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Hehe.. and here this topic presents itself JUST as I was cleaning up a bit of HirstArts-type-mess from my kitchen table. :)

 

Actually I like the product..LOVE the product. The website has all those wonderful downloadable instructions with colour-images that help you assemble your projects. If you can read the instructions on a Legoland playset you can build with HirstArts. Best of all, the plaster (UNLIKE resin) cleans away easily.

 

Here's a sample of a ruined tower built using HirstArts.

 

22aug04_3.jpg

 

This project involved only one mould, cast 16 times. The hill is of blue insulating styrofoam shaped with a hot-wire cutter.

 

Steve lets me do the plaster-casting now, and though it would APPEAR time-consuming, the larger amount of the time is spent waiting on the 30-minute set-time for the plaster, so if you "multi-task", then you're really not tied up much at all with the casting process UNLIKE with resin.

 

(Yep.. I hates me some resin..STILL trying to get that stuff off my kitchen counter)

 

There isn't any "cleanup" of the cast pieces providing you follow his instructions and level the wet plaster off while it's still in the mould. They pop out surprisingly easy UNLIKE resin, and if you let them sit overnight in a food-dehydrater (ask your wives and g/f's before you swipe their appliances), you end up with building blocks that feel like baked pottery.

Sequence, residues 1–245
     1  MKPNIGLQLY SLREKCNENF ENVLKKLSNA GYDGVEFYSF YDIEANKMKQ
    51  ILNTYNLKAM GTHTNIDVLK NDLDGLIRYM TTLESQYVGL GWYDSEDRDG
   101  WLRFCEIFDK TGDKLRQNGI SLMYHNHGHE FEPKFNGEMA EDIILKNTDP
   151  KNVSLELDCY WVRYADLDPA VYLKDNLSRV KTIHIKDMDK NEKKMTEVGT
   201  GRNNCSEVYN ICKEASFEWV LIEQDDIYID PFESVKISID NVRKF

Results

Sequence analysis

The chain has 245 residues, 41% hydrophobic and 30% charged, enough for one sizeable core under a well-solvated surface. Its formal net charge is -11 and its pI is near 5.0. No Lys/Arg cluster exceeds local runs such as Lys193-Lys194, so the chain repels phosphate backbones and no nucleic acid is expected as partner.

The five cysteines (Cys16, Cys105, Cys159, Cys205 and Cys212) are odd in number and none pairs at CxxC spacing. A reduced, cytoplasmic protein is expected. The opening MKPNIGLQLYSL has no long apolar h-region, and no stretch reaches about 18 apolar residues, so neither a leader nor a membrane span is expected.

The ruined tower takes a bit more skill to build than the lovely modular dungeon. Steve (with a wee bit of help from me) glued together the basic dungeon set in the course of about two hours.

 

BTW latex paint works very nicely on plaster.

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I am thinking of buying 3 molds. Which molds are the most versatile?

If you get something like the #60 Prison Tower Mold and #100 basic blocks they will build a lot of stuff with that basic block style. For a little more versatility add the #50 Wizard's Tower mold instead of the basic blocks mold. It has the same basic blocks plus some cool extras like arrow slits. For a third mold the #70 Fieldstone wall mold gives you a different style of block with a lot of extras like the skull and torch sconce. I have the #50, #60 and #70 and six other molds but I use these the most. I wouldn't recommend round or octagonal molds to start with but if you decide on one of those make sure it has the blocks to seamlessly splice the curved sections into walls.

Hirst Arts molds are fun to work with and habit forming.

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I've got all the Gothic Dungeon molds, 2 floor tile molds, and a Basic Block mold. The Gothic Dungeon molds come with a lot of arches, and other goodies. With these, I've been building ruined stonework buildings. In terms of fiddly detail bits, and different arch types, the dungeon molds are great.

 

I may get some of the other building molds for more pieces later. But for now, I can make a lot of stuff besides dungeons with those molds.

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Bruce sells everything himself. Hirstartsis the place to go. 5 molds gets you a 10% discount. 10 gets you the discount and free shipping. "Be nice to yourself" :poke:

 

I have #70,100,71,90,65,300,250,260,240,230,220. I plan to get a few more for Christmas......